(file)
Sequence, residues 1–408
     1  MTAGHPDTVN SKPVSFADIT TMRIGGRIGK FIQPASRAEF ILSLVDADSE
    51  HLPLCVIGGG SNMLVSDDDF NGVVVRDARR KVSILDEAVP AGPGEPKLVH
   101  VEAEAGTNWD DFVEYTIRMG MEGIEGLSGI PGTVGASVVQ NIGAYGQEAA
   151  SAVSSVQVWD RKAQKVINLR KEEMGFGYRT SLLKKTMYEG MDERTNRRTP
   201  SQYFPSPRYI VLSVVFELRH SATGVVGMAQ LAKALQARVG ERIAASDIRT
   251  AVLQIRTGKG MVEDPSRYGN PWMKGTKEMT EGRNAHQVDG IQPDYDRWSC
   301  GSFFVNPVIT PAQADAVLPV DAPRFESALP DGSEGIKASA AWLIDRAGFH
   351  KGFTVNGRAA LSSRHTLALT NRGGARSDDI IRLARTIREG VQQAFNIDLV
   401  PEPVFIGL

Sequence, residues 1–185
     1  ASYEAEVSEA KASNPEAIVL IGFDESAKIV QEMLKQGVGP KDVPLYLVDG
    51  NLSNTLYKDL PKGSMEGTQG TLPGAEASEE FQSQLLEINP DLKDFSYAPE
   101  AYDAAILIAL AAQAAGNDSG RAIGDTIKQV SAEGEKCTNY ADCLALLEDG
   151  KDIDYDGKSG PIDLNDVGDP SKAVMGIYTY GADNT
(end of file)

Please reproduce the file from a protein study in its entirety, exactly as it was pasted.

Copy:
Sequence, residues 1–408
     1  MTAGHPDTVN SKPVSFADIT TMRIGGRIGK FIQPASRAEF ILSLVDADSE
    51  HLPLCVIGGG SNMLVSDDDF NGVVVRDARR KVSILDEAVP AGPGEPKLVH
   101  VEAEAGTNWD DFVEYTIRMG MEGIEGLSGI PGTVGASVVQ NIGAYGQEAA
   151  SAVSSVQVWD RKAQKVINLR KEEMGFGYRT SLLKKTMYEG MDERTNRRTP
   201  SQYFPSPRYI VLSVVFELRH SATGVVGMAQ LAKALQARVG ERIAASDIRT
   251  AVLQIRTGKG MVEDPSRYGN PWMKGTKEMT EGRNAHQVDG IQPDYDRWSC
   301  GSFFVNPVIT PAQADAVLPV DAPRFESALP DGSEGIKASA AWLIDRAGFH
   351  KGFTVNGRAA LSSRHTLALT NRGGARSDDI IRLARTIREG VQQAFNIDLV
   401  PEPVFIGL

Sequence, residues 1–185
     1  ASYEAEVSEA KASNPEAIVL IGFDESAKIV QEMLKQGVGP KDVPLYLVDG
    51  NLSNTLYKDL PKGSMEGTQG TLPGAEASEE FQSQLLEINP DLKDFSYAPE
   101  AYDAAILIAL AAQAAGNDSG RAIGDTIKQV SAEGEKCTNY ADCLALLEDG
   151  KDIDYDGKSG PIDLNDVGDP SKAVMGIYTY GADNT